Written by: Bogdan Patru
Signal Private Messenger is simply the most secure messaging application on the market. It has the same functions as, let’s say, Facebook Messenger or the WhatsApp messenger, but with the added security protocols.
Protocols that are extremely sturdy and well encrypted.
The app’s main purpose is to replace the standard messaging application, with the messages being sent through a very secure connection, one that’s near impenetrable.
However, the gist of it is that, while you are assured of maximum privacy and protection when sending messages to another Signal user, if the recipient of the message does not use Signal, then all bets are off. In this case, Signal functions as an ordinary application.
You are given the option to invite your friends to Signal, thus creating an encrypted connection to use. And the application automatically warns you when the interlocutor doesn’t have Signal installed.
Moreover, it is extremely easy and comfortable to use, with the option to import your contacts and previous messages, and it also allows you to make voice and video calls.
As for SMS and MMS, their costs are the same as in the contract with your mobile provider. There are no changes here like extra fees.
It’s so easy and seamless to use that you would surely manage to convince all your friends to use it as well.
It’s completely free, and there are no tricks involved.
Top encryption protocols and maximum security with nothing to lose. What could be better?
Signal is an open-source application
Being an open source software, Signal’s source code is public, and anyone can have a look at it, investigate it to see if there are any inconsistencies or intrusive lines of code.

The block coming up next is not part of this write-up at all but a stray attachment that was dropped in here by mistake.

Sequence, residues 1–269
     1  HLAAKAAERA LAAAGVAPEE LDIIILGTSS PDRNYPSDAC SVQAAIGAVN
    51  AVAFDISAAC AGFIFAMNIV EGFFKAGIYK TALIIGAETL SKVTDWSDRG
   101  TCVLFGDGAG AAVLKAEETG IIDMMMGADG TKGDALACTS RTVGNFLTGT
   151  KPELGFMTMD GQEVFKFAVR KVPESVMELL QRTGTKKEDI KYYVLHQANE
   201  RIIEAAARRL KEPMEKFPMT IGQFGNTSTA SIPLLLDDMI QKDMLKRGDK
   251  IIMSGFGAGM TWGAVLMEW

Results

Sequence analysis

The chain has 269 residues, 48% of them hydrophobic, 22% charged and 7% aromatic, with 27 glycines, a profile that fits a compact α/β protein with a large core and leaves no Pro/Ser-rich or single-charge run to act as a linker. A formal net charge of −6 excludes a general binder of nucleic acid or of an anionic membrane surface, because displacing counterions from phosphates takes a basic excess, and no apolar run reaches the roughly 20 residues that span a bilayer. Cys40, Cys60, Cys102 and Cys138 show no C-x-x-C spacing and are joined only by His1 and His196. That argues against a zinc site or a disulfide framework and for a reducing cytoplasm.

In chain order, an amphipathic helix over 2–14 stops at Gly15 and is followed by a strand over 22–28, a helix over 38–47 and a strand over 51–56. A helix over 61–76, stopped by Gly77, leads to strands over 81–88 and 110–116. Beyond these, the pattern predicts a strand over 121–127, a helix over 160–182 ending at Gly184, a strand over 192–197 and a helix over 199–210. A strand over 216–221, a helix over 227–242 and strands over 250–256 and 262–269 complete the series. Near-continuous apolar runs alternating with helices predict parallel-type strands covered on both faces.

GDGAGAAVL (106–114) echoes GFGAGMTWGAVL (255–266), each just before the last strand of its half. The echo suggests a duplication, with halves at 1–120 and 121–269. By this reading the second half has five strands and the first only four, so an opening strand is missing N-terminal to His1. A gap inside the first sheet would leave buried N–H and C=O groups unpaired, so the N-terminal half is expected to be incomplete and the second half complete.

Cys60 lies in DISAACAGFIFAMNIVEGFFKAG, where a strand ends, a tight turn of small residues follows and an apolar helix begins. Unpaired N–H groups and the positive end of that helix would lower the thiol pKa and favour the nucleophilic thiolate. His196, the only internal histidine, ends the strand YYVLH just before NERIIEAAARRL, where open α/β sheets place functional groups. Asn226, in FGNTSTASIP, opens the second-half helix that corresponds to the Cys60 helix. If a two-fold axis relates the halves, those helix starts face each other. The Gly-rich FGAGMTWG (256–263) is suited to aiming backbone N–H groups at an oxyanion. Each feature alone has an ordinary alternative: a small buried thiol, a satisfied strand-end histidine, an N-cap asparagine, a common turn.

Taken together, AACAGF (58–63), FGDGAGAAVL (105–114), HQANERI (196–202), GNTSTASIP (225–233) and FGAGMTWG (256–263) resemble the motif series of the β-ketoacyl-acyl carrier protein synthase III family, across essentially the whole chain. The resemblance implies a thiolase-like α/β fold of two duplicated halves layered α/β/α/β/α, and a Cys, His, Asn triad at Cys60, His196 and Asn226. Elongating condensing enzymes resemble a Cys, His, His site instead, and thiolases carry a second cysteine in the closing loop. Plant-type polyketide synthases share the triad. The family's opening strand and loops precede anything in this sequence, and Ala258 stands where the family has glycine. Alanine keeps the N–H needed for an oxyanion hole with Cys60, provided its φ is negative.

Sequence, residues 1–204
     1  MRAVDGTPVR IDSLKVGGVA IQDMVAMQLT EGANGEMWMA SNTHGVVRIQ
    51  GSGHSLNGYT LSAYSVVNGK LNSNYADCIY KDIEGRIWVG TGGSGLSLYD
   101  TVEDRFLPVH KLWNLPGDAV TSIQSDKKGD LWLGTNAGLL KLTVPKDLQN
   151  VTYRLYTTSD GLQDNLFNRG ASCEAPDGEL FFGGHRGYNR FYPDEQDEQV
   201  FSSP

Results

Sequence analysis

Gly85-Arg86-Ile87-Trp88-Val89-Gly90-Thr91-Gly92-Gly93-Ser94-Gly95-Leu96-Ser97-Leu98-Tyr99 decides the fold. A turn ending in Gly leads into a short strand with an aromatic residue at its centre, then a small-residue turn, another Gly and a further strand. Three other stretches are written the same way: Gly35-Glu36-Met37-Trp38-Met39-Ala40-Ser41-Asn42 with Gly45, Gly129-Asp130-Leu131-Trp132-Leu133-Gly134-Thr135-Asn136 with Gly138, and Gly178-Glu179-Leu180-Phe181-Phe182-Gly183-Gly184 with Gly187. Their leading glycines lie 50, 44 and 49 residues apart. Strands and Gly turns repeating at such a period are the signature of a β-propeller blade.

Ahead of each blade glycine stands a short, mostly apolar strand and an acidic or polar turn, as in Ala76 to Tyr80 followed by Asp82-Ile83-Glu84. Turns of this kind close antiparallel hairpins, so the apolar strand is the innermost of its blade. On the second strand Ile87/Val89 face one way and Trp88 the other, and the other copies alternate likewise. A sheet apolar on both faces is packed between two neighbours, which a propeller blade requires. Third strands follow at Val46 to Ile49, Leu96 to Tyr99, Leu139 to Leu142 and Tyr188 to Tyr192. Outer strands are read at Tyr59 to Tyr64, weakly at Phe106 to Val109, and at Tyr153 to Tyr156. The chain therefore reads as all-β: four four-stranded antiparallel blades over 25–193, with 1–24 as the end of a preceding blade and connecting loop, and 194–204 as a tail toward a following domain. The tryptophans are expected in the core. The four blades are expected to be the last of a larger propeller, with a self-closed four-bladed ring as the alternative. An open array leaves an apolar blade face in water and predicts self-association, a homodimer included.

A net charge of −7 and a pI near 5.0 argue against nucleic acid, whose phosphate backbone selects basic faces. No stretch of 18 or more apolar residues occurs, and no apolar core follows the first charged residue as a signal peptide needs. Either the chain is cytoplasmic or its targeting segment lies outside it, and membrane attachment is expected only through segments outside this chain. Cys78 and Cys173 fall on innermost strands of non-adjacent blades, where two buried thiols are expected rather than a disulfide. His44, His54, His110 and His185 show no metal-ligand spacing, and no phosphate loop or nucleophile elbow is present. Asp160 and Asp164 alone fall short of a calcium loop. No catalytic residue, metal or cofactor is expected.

Essentially, this allows everyone to check for themselves whether the encryption protocols are up to par or not. In fact, the application was audited in 2016 by a number of independent specialists in the field.
The conclusion? Signal is entirely bulletproof, and its encryption protocols are in the very top.
This is actually one of the biggest advantages to security software and the one aspect that can make or break them. If they’re open source, then they can be independently audited and analyzed.
Closed-source applications, on the other hand, do not reveal their source code to the public, and there is no way you can know what goes on beneath the surface. Besides that, you can’t even determine if the promised security and protection standards are actually delivered.
What’s more, Signal uses an end-to-end encryption
This basically eliminates the need for any third-party to encrypt your messages before and after being sent. The way this works is this:
But then again, this only applies when both of you are using Signal. Otherwise, the connection is not secure and there is no encryption applied to any message.
Is it the Holy Grail of messenger-type private platforms, though? The only way to find that out is by analyzing some of the users’ criticism:
1. Contact synchronization
The team behind Signal implemented a rather simple system of discovering your contacts when using the app. It uses your real phone number to do that. However, many users said that this was a privacy risk, that there might be some leaks. It was unsafe, in general, they said.
It would have been a whole lot better to achieve this using e-mail or a username-password encryption.
On the other hand, Signal representatives denied everything, claiming that:
2. Availability on the Google Play application